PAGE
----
The original black and white photograph shown below and from which the colored Post Card was generated will be generally unfamiliar.  We cannot claim to know how many of these ‘black and whites’ are ‘out there’ but the ‘original’ or contemporary photograph has to be quite rare.  The photograph we show here is not simply the product of converting a color image to a black and white through Photoshop or the like. 





Photograph of Harpoot and the Euphrates College area taken by Ernest W.[ilson] Riggs, President of Euphrates College.  Riggs was President of Yeprad College from 1910 to 1915, so the photo would have been given to Louise Carroll Masterson, Consul Masterson’s wife some time before 1914 when the Mastersons left Harput to go to the Consul’s new posting at Durban, South Africa.



The photograph from which this copy was made was among the items given us by the late Mary C. Masterson.  Her father, William W. Masterson, was the penultimate United States Consul to Harput, Turkey-in-Asia.  He served at “Harput” so-called although the actual Consulate was in the lower ‘twin’-city provincial capital of the Vilayet of Mamuret-ul-Aziz, Mezireh. [5] Masterson, trained as an attorney, was an effective Consul but many will be much more familiar with the name of his successor.  Leslie A. Davis, also a lawyer, was present as the genocide unleashed against the Armenians by the Young Turk government unfolded.  He communicated through telegraphic dispatches with the American Embassy in Constantinople, i.e. Ambassador Henry Morgenthau, and wrote a detailed final report that he submitted in early 1918 to the Head of the US Consular Service.  This report, which was requested by the Head of the Service, is an exceptionally valuable document on specific events written by an official of the United States Government, which never did declare war on the Ottoman Government. [6]


The photograph shown below shows a winter scene in upper Harpoot city.  The photograph was taken near the residential buildings associated with Euphrates College. This photograph comes from a private collection to which we were kindly given access and may be dated as from the winter of 1915 or 1916 or 1917 or 1918.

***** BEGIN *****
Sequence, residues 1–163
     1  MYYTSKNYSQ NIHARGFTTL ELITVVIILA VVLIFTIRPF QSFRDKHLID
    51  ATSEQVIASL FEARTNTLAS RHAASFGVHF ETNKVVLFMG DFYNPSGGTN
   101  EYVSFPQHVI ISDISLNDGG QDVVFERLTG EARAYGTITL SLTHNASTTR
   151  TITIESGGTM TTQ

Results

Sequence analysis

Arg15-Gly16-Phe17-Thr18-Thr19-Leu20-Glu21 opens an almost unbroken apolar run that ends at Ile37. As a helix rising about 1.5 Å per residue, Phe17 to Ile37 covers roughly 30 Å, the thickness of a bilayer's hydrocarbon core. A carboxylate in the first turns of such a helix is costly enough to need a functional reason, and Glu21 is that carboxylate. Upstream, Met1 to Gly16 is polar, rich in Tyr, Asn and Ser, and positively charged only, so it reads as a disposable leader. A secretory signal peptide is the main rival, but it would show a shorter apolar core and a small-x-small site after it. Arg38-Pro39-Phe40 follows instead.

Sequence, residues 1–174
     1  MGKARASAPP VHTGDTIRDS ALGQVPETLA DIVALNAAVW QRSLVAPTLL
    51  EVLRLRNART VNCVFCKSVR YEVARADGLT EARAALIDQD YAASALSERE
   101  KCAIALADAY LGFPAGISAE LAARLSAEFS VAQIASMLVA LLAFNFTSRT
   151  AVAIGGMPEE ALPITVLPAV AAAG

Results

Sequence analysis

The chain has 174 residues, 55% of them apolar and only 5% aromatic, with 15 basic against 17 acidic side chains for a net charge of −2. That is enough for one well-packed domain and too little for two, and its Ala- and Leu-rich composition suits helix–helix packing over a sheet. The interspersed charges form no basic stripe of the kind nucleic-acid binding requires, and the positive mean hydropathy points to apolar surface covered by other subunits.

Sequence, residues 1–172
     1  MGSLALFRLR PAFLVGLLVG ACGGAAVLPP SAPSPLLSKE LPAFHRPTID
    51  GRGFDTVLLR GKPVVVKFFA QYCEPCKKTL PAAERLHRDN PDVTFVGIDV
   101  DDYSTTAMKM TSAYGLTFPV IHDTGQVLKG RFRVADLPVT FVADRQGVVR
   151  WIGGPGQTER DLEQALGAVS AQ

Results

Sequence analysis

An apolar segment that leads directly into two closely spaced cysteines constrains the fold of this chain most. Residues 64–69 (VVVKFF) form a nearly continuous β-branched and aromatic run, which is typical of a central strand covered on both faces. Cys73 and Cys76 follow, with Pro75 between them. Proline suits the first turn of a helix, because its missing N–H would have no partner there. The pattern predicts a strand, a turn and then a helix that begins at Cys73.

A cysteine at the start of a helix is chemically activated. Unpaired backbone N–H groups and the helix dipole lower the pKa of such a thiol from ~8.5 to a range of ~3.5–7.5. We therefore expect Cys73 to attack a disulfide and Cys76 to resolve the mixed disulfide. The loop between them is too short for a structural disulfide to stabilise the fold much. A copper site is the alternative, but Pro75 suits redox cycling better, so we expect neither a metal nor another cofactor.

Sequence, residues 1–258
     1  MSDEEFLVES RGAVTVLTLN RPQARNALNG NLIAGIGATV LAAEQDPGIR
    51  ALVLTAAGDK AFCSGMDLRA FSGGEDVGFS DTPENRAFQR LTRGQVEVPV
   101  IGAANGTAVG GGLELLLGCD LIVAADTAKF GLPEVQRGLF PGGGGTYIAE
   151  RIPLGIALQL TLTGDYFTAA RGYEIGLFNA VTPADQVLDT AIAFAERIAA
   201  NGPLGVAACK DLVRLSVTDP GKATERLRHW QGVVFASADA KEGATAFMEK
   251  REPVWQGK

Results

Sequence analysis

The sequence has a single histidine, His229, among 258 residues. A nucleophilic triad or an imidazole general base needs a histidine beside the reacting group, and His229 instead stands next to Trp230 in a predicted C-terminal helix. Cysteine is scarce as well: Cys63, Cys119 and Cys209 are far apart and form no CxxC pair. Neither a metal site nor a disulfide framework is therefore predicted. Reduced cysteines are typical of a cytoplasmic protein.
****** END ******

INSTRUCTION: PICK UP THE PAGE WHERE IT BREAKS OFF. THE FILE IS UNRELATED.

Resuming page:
We cannot take the trouble to say much here about Mrs. Masterson except to say that she and her husband came from the small town of Carrollton, Kentucky with which one of us (ELT) is very familiar and has deep family roots.  Carrollton is on the Ohio River, not far from Cincinnati.  The Mastersons are all buried in Carrollton. [7]


It is noteworthy that it was a dozen years ago or so that we saw a photograph of what was designated as a “course.”  And as we shall soon see, it was described rather clearly on the back of the photograph.  It was indeed a photograph showing what a ‘kourss’ as described by ADK’s mother looked like.


We hasten to say that use of the kourss [8] is described but not specifically named as such in Villa and Matossian’s “Armenian Village Life before 1914” (Wayne State University Press, 1982).  Those writers describe the mangal, which “could be used for heating or for cooking.  It was a type of brazier, a deep earthenware or iron pot with a screen over the opening, handles, and ten- to 12-inch legs.  Finally, a comforter could be thrown over a screened-in fire and still provide enough room for several family members to sit under it and be protected against the cold.” (Cf. Villa and Matossian, 1982 pg. 34.)


Louise Carroll Masterson’s photograph is shown below and is followed by a scan of the back of the photograph describing the scene.






“A native Armenian family at home sitting around a “course” which is a table with a heavy comfort [a now dated word equivalent to comforter] over it under which is a pan of charcoal.  This is about the only heating most village houses have.”  “Please return Louise Carroll Masterson New Castle [,] Kentucky” [9]



The Masterson photo description is in keeping with what was described to ADK by his mother years ago. ADK never heard of a screened-over fire being used.  It would be good, of course, to have exact details on any variants. [10]


Centralized heating of any sort was not a thing available to the masses, of course, and the kourss is to us a great example of how clever a method this was.  Couple this with the body heat of some animals, tucked in on/under a wool-filled yorghan, a kiremit and a prior exposure to the comforting warmth under or beside the “kourss” what more could one want?   Necessity is the mother of invention, and no doubt the generally resourceful villagers had things worked out ages ago.